MINNEAPOLIS (WCCO) — Police say an attempt to clear out a homeless encampment in Minneapolis Thursday morning led to a violent clash between officers and dozens of people.
A group called Minnesota Uprising shared a video on Twitter showing officers and several others scuffling on the ground just before 7 a.m. The video shows part of the incident where one officer uses pepper spray and shoves a person. At the same time, several officers join in to pull someone off another officer laying on the ground. Then it appears an officer tries to restrain that person by laying their knee on that person’s neck or upper back.READ MORE: For Third Night After Daunte Wright's Killing, Protesters And Law Enforcement Clash Outside Brooklyn Center Police HQ
Police arrested five people involved in resisting the eviction, but the group living there stood their ground and the eviction did not happen. The encampment, just north of downtown Minneapolis, still stands.
Jojo Miller, who lives in this encampment, witnessed the confrontation.
“A lot of the encampment was scared, yeah, they were in fear,” Miller said.
He says the violence he witnessed was not a surprise.
“When this type of thing happens, they normally come this aggressive,” Miller said.
Police Chief Medaria Arradondo spoke about the incident at a news conference Thursday with Mayor Jacob Frey. Arradondo says the city asked for officers to help with the immediate eviction.READ MORE: Brooklyn Center Residents Stepping Up During Crisis: 'There's An Energy Around This Community'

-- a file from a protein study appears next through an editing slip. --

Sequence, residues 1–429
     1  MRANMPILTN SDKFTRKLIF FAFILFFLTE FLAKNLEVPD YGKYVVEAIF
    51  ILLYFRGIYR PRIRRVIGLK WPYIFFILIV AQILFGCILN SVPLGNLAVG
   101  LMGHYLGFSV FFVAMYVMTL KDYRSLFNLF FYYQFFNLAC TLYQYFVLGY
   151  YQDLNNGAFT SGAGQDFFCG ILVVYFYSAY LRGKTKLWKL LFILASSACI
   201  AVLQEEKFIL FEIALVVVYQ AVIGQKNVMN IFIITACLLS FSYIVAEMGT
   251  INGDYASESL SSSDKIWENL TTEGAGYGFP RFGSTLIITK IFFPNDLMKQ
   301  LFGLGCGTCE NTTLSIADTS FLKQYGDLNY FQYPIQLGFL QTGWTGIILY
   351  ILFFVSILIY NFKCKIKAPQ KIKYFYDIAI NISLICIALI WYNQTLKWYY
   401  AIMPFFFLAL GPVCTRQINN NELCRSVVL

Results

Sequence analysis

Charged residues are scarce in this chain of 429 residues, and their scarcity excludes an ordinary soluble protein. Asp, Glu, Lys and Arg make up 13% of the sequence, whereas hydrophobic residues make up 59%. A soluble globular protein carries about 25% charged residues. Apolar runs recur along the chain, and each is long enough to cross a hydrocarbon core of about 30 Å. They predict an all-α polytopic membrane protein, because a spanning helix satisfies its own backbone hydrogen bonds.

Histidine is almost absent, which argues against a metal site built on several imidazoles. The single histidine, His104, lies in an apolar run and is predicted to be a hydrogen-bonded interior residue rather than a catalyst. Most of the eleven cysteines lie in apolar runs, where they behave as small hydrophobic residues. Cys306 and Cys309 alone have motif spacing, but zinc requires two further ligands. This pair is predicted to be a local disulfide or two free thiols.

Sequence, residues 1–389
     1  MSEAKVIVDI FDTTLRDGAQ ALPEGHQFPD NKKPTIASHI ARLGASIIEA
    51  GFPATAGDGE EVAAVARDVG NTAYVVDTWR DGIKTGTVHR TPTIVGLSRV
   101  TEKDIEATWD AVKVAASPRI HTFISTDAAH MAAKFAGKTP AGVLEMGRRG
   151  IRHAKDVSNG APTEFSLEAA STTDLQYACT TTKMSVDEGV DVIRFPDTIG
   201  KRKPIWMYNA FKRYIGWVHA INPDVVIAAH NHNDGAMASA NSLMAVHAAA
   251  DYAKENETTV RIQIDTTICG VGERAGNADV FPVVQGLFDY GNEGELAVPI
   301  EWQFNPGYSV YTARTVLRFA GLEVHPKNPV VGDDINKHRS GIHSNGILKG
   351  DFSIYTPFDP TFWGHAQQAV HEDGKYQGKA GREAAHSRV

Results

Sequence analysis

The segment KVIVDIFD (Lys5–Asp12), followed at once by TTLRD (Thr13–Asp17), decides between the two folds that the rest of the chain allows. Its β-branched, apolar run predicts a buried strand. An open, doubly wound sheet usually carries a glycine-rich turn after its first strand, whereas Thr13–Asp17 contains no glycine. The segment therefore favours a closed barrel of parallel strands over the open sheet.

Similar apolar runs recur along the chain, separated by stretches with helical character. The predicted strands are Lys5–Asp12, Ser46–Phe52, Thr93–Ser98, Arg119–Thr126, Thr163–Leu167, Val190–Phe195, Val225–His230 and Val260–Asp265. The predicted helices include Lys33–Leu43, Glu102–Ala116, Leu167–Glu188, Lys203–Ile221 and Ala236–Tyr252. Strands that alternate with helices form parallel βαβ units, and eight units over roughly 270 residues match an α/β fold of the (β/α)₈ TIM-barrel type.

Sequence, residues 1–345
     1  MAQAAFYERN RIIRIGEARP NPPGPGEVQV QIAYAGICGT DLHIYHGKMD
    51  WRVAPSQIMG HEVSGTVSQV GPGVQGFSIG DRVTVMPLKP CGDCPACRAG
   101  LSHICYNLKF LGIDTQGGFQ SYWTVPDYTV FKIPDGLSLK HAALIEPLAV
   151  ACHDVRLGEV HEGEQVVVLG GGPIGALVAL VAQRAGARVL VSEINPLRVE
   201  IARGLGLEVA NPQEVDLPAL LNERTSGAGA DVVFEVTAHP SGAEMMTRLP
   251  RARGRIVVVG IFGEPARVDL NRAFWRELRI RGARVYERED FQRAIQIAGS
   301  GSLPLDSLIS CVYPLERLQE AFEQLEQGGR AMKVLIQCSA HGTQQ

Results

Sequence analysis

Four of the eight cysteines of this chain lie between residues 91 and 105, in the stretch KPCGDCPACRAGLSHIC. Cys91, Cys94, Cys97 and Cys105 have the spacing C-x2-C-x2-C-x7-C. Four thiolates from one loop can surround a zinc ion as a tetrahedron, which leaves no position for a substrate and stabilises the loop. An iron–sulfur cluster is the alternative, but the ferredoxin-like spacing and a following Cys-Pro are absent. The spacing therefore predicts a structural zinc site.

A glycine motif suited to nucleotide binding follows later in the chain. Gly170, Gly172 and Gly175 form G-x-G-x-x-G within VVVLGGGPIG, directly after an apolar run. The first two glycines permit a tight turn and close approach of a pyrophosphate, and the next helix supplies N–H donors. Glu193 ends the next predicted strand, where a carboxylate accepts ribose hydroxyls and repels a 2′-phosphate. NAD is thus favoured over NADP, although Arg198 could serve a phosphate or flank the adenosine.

“I was appalled by the actions of those community members that attacked my officers,” Arradondo said.
A city spokesperson told WCCO in part: “Due to site contamination, fire hazards, and other health and safety risks, the City decided to close the encampment.”
The city gave an eviction notice three days prior, which is why those living in the encampment and community members who support them were prepared to hold their ground.
“When it was time to fight for what was right, we did, and everybody banned together,” Miller said. “This isn’t for some type of attention. This is for them witnessing, seeing we’re people, we have lives, and though we do suffer from mental illness, myself included, we’re still people, and we still deserve housing.”
The Racial Justice Network is bringing attention to the behavior by officers in the video. A spokesperson gave this statement to WCCO:
The City of Minneapolis needs to take responsibility for this. They let vulnerable community members stay outside all winter and are only now forcing them to move. What solution have they offered? Shelters, during a pandemic. The city has had plenty of time to come up with a plan to assist unhoused people in a way that is responsive and responsible. Given the violent behavior of the Minneapolis Police, the city should have known better than to send them after some of our city’s most vulnerable people. The videos we saw showed behavior by police officers that was highly disturbing and unconscionable.MORE NEWS: VIDEO: 'Hot Rodders' Close Down Part Of I-94's Lowry Tunnel In Minneapolis
St. Stephens Housing Network is working directly with those living in the encampment to help re-house them. Click here to help.